It’s also important to have a multidisciplinary team made up of experts who understand the product intimately across variations. This can be a Product Security Incident Response Team (PSIRT) or an internal process that can handle a potentially large volume of critical warnings.
While we don’t exactly know which sectors will ultimately be brought into this program, it is crucial that we all become ready to take in such time-sensitive information if we want to gain the greatest benefits from this program. What’s more, preparing to receive this data will increase vulnerability sharing within industries as a way to harden their cybersecurity posture.
The below FAQs are taken directly from the RVWP release.
Q: What is CIRCIA?
A: The Cyber Incident Reporting for Critical Infrastructure Act of 2022 (CIRCIA) is federal legislation that puts in place requirements for critical infrastructure entities to report cyber incidents and ransom payments to CISA.
Q: Why is CISA sending me a notification?
A: CISA routinely identifies security risks facing U.S. organizations, including information from government or industry partners. CISA additionally leverages commercial tools to identify organizations that may be at heightened cybersecurity risk. As required by CIRCIA, CISA proactively identifies information systems that contain security vulnerabilities commonly associated with ransomware attacks. After discovery, CISA notifies owners of the vulnerable systems.
Q: Who will notify me if I have a vulnerability?
A: CISA Regional staff members, located throughout the country, make notifications and may provide assistance and resources to mitigate the vulnerability.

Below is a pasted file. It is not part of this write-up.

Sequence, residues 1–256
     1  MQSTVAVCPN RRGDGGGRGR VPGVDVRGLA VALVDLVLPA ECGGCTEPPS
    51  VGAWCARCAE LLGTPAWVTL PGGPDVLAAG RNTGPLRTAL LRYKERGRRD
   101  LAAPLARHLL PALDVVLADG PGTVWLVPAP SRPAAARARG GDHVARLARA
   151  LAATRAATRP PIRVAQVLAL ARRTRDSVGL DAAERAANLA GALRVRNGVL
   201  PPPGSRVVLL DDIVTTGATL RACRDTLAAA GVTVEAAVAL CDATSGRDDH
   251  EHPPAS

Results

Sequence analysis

Q: What can I expect in the notification?
A: Notifications will contain key information regarding the vulnerable system, such as the manufacturer and model of the device, the IP address in use, how CISA detected the vulnerability, and guidance on how the vulnerability should be mitigated.
Q: How should I expect to receive a notification?
A: CISA regional staff members will make notifications by phone call or email.
Q: How do I verify it is CISA notifying me?
A: If you receive a notification, you can verify the identity of the CISA personnel through CISA Central: [email protected] or (888) 282-0870.
Q: If I received a notification, does that mean I was compromised?
A: Receiving a notification through CISA RVWP is not indicative of a compromise. However, it does indicate you are at risk and the information system requires immediate remediation.
Q: Am I required to comply with CISA’s recommended actions?
A: No. Receiving a notification does not require you to comply with or institute any of CISA’s recommendations.
Q: How did CISA determine I was vulnerable?
A: CISA leverages multiple open-source and internal tools to research and detect vulnerabilities within U.S. critical infrastructure.